The Taiwan Monthly

Dec. 2020

Trading Policies

Taiwan SBL Thrives amid the Covid-19 Pandemic

The global pandemic has been impacting capital markets and attributing to uncertainties and volatility which constitute serious threats to market confidence. Temporary short selling bans in various jurisdictions were introduced, and with no exception for Taiwan.


Global markets declined due to the pandemic in March, since when several European and Asian countries implemented short selling bans. Most of the bans were lifted after 3 months with regulators citing less turbulent market conditions.


In Taiwan, the ban came into force on March 19 after the TAIEX dropped for 7 consecutive days and plummeted 21.1 percent to 8,681.34 points, the lowest in 42 months. It is well perceived that short-selling has an important role in bringing liquidity to financial markets, increasing price efficiency and enhancing price discovery. However, to curb speculative trading amid irrational declines on the stock market, Taiwan introduced the short selling ban, softer than that in other countries. The daily short selling volume limit was reduced from 30 percent to 10 percent of the average trading volume of the underlying stock during the previous 30 business days. Given the gradual stabilization of global markets, the lift on short selling bans in most countries, strong control measures to stop the spread of Covid-19 in Taiwan, the regulator announced to ease the short selling ban, effective June 10, 2020.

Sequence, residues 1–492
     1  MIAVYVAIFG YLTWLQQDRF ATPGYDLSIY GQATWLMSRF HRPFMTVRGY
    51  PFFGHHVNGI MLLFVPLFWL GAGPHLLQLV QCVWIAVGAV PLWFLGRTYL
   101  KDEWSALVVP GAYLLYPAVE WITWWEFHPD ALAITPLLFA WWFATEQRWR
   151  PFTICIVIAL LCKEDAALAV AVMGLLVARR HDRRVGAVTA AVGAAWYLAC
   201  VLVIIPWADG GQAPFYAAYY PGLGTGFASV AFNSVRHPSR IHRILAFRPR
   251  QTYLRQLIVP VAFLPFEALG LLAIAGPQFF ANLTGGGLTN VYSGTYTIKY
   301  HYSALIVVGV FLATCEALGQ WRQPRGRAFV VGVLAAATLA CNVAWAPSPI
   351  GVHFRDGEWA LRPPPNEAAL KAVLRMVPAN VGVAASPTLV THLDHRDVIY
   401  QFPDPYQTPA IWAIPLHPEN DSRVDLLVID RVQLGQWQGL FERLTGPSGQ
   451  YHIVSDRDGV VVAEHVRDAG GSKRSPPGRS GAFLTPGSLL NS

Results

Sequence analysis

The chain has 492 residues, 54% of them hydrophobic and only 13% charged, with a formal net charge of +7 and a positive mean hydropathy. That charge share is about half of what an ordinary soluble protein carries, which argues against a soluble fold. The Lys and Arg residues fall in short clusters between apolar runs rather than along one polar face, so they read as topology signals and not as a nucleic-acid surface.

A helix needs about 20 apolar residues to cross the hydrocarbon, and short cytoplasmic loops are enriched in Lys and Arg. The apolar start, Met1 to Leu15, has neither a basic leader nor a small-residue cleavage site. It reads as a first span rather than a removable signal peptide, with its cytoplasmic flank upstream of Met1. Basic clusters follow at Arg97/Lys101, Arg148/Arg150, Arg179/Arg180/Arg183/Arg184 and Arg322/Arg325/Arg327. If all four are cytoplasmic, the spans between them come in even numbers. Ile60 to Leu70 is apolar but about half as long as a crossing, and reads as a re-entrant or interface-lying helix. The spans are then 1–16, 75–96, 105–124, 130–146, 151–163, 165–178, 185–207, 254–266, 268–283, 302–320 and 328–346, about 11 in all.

The ban between March 19 and June 9 in Taiwan helped restore market confidence. This can be evidenced by TAIEX performance and a rapid growth in the Taiwan SBL business. The TAIEX recovered in May to where they were before the outbreak, continuing to surge and surpass, on July 27, the previous high of 12,682.41 points registered in February 1990, setting a new record of 13878.01 points, with total market capitalization of NT$42.28 trillion on November 23, 2020. On top of that, the SBL balances hit an all-time high on the same day, reaching NT$861.2 billion, including around 43% for short sale, 37% for financing trade and 20% for inventory. The SBL balances almost doubled compared to that on March 19, the day we launched the ban. Moreover, the total cumulative dollar amount of SBL short sale was NT$ 204.6 billion on March 19 and NT$ 345.6 billion on November 20, showing a growth of 68.9%. This illustrates that the growth of borrowing securities for selling did not create a negative impact in the fluctuation of the stock index, but significantly helped the liquidity of the stock market.


The prosperity of Taiwan SBL business is supported by timely and transparent information disclosed on the TWSE website, to which both institutional and individual investors have free and equal access. The name and number of loanable securities, SBL balances, and total cumulative dollar amount and volume of SBL short sale are available on a daily basis for investors’ reference before making investment decisions.

For further inquiries, please contact Ms. Chen at